Question about Maytag SDE4606A Electric Dryer
The normal drying cycle for a normal load of clothes should be around a hour if you dryer is 220 Volts.
Chances are you have a Clogged Vent
If your dryer seems to run forever, it could be because of a clogged vent or internal ductwork. Your dryer may have an automatic cycle that turns off the dryer when the clothes are dry. It does this with a special thermostat or moisture-sensing system.
Normally, this is what happens during an automatic cycle:
The thermostat tells the dryer to heat until the interior of the dryer reaches a pre-set temperature--say 135 degrees.
When the dryer reaches the pre-set temperature, the thermostat tells the timer to begin advancing. (If there's a moisture sensor, the timer advances only if the moisture content of the clothing is low enough.)
The timer advances until the interior cools, then the thermostat tells the timer to stop advancing, and tells the dryer to start heating again.
This cycle continues until the clothes are dry. But...if the vent is clogged, the dryer may never reach the proper operating temperature, so it doesn't send the signal to the timer and the dryer continues to run indefinitely, even if the clothes are completely dry. To fix the problem, clean the vent and/or internal ductwork.
Your dryer's heating element may be partially burned out. If it is, your dryer still heats, but at such a low temperature that it takes three or four times as long to dry the clothes. If the element is partially burned out, replace the heating element. You can check for an ohm reading but will need to refer to the service manual for proper reading. This sometimes on the tech sheet located somewhere on the dryer. Usually between 9-13 ohms.
Although this isn't a common problem, one of the thermostats that controls the temperature in your dryer may break and cause the dryer to heat poorly. If so, you need to replace it. The thermostat is usually a small, round, black device mounted to an oblong steel plate. The plate is mounted to the internal ductwork . This thermostat usually has four wires going to it. Check the 2 terminals that are opposite each other and are the closer together of the 2. These 2 terminals should have continuity. If not replace the thermostat.
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Posted on Apr 11, 2011
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Posted on Jan 02, 2017
The fact that the dryer takes so long to dry indicates either an air flow problem or a "heating" problem. You don't say weather the units gets hot or not but you do say that it has been giving you this problem for 3 years so I'll assume that it does heat. You should make sure that there is air flowing through the dryer by just going to where the dryer is exhausted to the outside after turning on the unit and see if it is blowing hot air out. If there is good airflow but it is not hot you may have a bad element or thermostate and you should contact a professional to diagnose the exact problem and repair it. If there is not a strong warm airflow from the exhaust then you probably have an airflow restriction of some type. The first thing to check is the lint filter. Every dryer has a lint filter that should be cleaned out after each load. Check you owners manual to find the location of yours and make sure it's clean. If it is plugged, clean it and check the airfow again. If that does't solve the problem, you need to determine if the dryer vent hose is kinked or plugged. The vent hose is usually located at the bottom of the back of the dryer and are usually only attached with a clamp of some type. Just disconnect the dryer vent hose from the back of the dryer, turn the dryer on and check the air flow at the dryer exhaust. The there is little or no air blowing out of the dryer it could be a defective fan. This is a complicated repair and should be done by a professional. If the exhaust coming out of the dryer is strong you know the problem is with the exhaust hose so check for kinks, crushed duct or blockage and repair it then re-connect the exhaust duct to the dryer, turn on the dryer and go back out to the outside exhaust and see if it is now blowing strong. GOOD LUCK. I hope this resolves your problem.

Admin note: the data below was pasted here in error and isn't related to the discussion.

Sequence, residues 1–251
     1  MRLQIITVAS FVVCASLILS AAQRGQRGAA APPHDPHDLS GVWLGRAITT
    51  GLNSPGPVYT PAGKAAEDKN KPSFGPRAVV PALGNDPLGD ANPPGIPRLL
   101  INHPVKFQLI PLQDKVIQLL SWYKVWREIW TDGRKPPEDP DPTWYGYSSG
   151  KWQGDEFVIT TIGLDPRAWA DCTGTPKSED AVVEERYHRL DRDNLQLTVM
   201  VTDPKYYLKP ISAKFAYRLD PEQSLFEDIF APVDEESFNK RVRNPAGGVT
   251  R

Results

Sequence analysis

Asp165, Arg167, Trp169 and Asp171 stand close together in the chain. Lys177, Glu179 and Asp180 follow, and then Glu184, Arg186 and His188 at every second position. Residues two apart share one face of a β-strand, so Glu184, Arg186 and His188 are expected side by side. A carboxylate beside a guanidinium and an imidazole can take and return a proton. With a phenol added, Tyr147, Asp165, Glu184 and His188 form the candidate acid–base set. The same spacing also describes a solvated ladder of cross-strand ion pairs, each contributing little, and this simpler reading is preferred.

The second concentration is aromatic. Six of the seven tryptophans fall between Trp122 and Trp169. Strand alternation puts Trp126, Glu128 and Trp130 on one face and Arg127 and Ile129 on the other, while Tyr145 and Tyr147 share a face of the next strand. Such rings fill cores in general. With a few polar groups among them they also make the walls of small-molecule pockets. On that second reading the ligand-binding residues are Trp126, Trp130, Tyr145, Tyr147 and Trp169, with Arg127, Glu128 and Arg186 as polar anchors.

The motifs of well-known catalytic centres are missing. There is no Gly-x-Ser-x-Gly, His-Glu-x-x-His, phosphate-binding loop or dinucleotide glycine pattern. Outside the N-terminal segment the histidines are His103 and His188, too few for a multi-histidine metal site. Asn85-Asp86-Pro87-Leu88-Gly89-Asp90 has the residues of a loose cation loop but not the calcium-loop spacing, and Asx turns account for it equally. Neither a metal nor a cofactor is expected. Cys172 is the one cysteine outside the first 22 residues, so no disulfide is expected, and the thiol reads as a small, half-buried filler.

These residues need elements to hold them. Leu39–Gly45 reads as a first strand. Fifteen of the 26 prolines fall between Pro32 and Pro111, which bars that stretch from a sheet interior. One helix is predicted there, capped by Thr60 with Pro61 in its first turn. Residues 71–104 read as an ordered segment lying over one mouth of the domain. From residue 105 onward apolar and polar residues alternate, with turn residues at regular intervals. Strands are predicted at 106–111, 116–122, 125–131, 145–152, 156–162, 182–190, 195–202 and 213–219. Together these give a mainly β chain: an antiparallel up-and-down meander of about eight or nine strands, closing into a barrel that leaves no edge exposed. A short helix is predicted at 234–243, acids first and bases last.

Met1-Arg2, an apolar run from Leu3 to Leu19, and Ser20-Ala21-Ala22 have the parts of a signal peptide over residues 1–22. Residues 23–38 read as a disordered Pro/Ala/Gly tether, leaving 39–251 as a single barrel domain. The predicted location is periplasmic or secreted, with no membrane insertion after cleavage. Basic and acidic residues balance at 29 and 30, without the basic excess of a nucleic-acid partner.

Posted on Nov 29, 2008
SOURCE: Taking to long to dry
This could be two problems. First problem, you must have good ventilation. Blow out the dryer vent with a leaf blower or some other type of fast moving air. Also be sure that the vent on the outside isnt blocked by little woodland creatures trying to find a nice warm home. Also be sure that the vent isnt kinked or blocked between the dryer and the wall. If that doesnt work, you may have only 1 of the 2 elements actually heating behing the drum. This would entitle removing the front and drum to check. Let me know if you need further help.
Posted on Dec 09, 2007
hi thanks for the question in the ge dryer theres 2 elements so if one is not working you only get half heat i would check the heater thanks the appliance doc
Posted on Sep 27, 2008
try taking the vent hose off your dryer and running it through a cycle with it off...if it drys ok then you have a clog somewhere in your venting.
Posted on Jun 23, 2009
This type of problem can be caused by a partially burnt heating element, a blown thermal fuse, or a faulty high limit thermostat. All of these components can be checked using an ohm meter or multimeter. Sure hope this helped and best wishes.
Posted on Jul 27, 2009
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